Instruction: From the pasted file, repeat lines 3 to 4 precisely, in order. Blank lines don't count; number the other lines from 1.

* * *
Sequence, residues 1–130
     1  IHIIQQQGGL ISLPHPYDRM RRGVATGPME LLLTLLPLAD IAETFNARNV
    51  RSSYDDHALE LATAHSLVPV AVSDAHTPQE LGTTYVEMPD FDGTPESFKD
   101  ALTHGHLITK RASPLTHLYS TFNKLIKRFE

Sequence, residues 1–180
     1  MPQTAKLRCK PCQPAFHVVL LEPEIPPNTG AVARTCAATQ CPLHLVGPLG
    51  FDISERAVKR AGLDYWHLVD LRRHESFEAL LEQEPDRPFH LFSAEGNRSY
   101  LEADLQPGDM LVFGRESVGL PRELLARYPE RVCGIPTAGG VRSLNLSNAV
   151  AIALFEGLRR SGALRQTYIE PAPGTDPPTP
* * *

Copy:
    51  RSSYDDHALE LATAHSLVPV AVSDAHTPQE LGTTYVEMPD FDGTPESFKD
   101  ALTHGHLITK RASPLTHLYS TFNKLIKRFE